Group pushing for Harpers Ferry park enlargement

September 28, 1998|By DAVE McMILLION, Charles Town

HARPERS FERRY, W.Va. - A plan to double the size of Harpers Ferry National Historical Park has one strike against it, but those backing the proposal say it's not enough to dissuade them.

In fact, supporters of enlarging the park predict it will remain at the forefront of discussions until more land for the park is obtained.

"I would characterize this story as a community wrestling with its natural history. It's not going to go away," said Donald Campbell, superintendent of the park, which now stands at 2,300 acres.

A group known as The Friends of Harpers Ferry National Historical Park has been leading the effort to enlarge the park, saying it is vital to preserve unprotected Civil War battlegrounds around Harpers Ferry before they are overrun by development.


The group is focusing on School House Ridge, a combination of rolling farmland and woods along U.S. 340 next to Shipley Elementary School. It is the site where Confederate Gen. Stonewall Jackson stood in 1862 and surveyed his 14,000 troops on the ridge before his famous seige and capture of Harpers Ferry. The ensuing battle resulted in the capture of 12,500 Union troops, the largest surrender of northern soliders in the conflict.

Jackson's advancement occurred four days before the battle at Antietam.

"If you were a Confederate, it never got better than it did here at Harpers Ferry," said Campbell.

County officials do not deny the importance of protecting the area. It's the process which followed that ruffled feathers.

To expand the park, Scot Faulkner, president of The Friends of Harpers Ferry National Historical Park and local historian Dennis Frye asked the Jefferson County Commissioners to approve a resolution enlarging the park's boundaries.

But if the commissioners approved the resoultion, it would only be a "paper boundary." Three land trust organizations which Faulkner had waiting in the wings, including the Hagerstown-based Association for the Preservation of Civil War Sites, would still have to purchase property from landowners in the School House Ridge area to make the expansion complete, officials said. If the land trusts buy the land, it would be turned over to the park, officials said.

But some of the landowners did not like the way the deal was progressing. They feared that if the commissioners passed the resolution and allowed the park's boundaries to expand, they would not have any say over how much money the government was going to give them for the property, said Jefferson County Clerk John Ott.

Ott's mother and dad own about 73 acres in the School House Ridge area, a parcel which Faulker said his group would be interested in.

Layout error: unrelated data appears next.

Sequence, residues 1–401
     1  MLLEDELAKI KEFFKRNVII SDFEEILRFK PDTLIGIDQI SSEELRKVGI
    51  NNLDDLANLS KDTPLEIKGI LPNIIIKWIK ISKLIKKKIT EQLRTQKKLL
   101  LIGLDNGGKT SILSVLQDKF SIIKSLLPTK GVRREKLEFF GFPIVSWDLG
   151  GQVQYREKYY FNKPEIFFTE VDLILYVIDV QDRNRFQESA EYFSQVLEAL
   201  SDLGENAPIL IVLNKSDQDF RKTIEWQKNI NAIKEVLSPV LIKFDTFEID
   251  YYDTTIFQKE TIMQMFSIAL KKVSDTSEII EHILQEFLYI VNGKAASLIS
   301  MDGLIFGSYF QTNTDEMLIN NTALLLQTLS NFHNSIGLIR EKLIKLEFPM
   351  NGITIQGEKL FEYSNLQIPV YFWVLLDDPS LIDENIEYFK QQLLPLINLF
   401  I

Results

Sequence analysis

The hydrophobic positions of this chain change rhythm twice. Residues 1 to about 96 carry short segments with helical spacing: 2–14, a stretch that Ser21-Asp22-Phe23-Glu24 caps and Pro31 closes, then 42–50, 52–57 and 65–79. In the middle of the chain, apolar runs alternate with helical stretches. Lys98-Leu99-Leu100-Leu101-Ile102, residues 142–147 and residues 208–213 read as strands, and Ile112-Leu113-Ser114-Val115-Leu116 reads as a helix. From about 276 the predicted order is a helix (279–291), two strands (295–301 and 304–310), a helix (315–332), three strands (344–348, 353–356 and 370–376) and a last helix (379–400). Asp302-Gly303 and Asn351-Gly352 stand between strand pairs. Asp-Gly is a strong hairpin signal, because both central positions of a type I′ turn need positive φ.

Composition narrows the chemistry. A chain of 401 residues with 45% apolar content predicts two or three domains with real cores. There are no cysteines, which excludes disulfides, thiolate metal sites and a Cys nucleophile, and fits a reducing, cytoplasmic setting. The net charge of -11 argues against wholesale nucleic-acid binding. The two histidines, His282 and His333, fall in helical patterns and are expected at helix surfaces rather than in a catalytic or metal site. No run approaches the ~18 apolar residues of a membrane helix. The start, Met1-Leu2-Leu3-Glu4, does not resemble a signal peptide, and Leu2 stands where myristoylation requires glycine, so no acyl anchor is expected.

"People are just afraid of the government when it comes to valuation of properties," said Ott.

The commissioners finally voted against the boundary resolution on Aug. 20. The commissioners said one of the reasons they voted against the resolution was because they felt it was important to listen to the concerns of the landowners.

Commissioner Jim Ruland said he was worried that there was something other than free enterprise coming into play with the land deal.

"They can buy the land like anyone else," said Jefferson County Commissioner James G. Knode, referring to the park.

Faulkner said he and his supporters repeatedly emphasized that that the resolution in no way controlled what people would be paid for their land. Despite the commissioners' vote, Faulkner said the attempt expand the park will continue. Faulkner said the reason the commission's endorsement was needed is because land trusts like to know that a battlefield is going to be a part of a national park before they buy property. On the other hand, land trusts will buy battlefields outside of a park if they believe they are under immediate threat of development, said Faulkner.

Faulkner said that is the argument he will make to the land trusts regarding the School House Ridge properties.

Although housing development stabilized in Jefferson County in recent years, Faulkner predicts is is about to "kick into high gear."

"This won't stop the land acquisition in Jefferson County. We will continue to gather land. It's just they could have made it faster and easier," said Vicki Faulkner, Faulkner's wife.

Although there are several landowners in the School House Ridge area, Faulkner's group is primarily interested in 76 acres known as the Murphy farm and 283 acres that was owned by Dixie Kilham, a well-known supporter of the arts who died last month. Faulker said he predict's Killam's property will be liquidated soon.

Campbell said preservation of School House Ridge is critical given the increased interest in the Civil War. Campbell proudly points to the heightened appreciation of Harpers Ferry National Historical Park, which tells the story of abolitionist John Brown's 1859 raid on the town. Last March, Historic Traveler magazine listed the park as one of "America's 25 Essential Historic Sites."

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